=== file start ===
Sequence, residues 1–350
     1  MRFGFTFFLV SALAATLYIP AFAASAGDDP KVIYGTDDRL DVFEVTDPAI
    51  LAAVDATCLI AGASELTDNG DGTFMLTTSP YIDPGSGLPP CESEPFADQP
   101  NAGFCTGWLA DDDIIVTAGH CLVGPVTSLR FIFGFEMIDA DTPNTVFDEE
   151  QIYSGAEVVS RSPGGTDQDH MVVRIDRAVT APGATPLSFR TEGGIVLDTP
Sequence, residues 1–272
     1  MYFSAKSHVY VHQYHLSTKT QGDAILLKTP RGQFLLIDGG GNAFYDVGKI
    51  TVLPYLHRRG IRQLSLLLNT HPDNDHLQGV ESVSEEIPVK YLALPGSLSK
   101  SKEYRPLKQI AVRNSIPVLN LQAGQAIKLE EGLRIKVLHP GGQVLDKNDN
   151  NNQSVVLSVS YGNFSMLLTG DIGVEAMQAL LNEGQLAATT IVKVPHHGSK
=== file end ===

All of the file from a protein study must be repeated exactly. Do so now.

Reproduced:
Sequence, residues 1–350
     1  MRFGFTFFLV SALAATLYIP AFAASAGDDP KVIYGTDDRL DVFEVTDPAI
    51  LAAVDATCLI AGASELTDNG DGTFMLTTSP YIDPGSGLPP CESEPFADQP
   101  NAGFCTGWLA DDDIIVTAGH CLVGPVTSLR FIFGFEMIDA DTPNTVFDEE
   151  QIYSGAEVVS RSPGGTDQDH MVVRIDRAVT APGATPLSFR TEGGIVLDTP
Sequence, residues 1–272
     1  MYFSAKSHVY VHQYHLSTKT QGDAILLKTP RGQFLLIDGG GNAFYDVGKI
    51  TVLPYLHRRG IRQLSLLLNT HPDNDHLQGV ESVSEEIPVK YLALPGSLSK
   101  SKEYRPLKQI AVRNSIPVLN LQAGQAIKLE EGLRIKVLHP GGQVLDKNDN
   151  NNQSVVLSVS YGNFSMLLTG DIGVEAMQAL LNEGQLAATT IVKVPHHGSK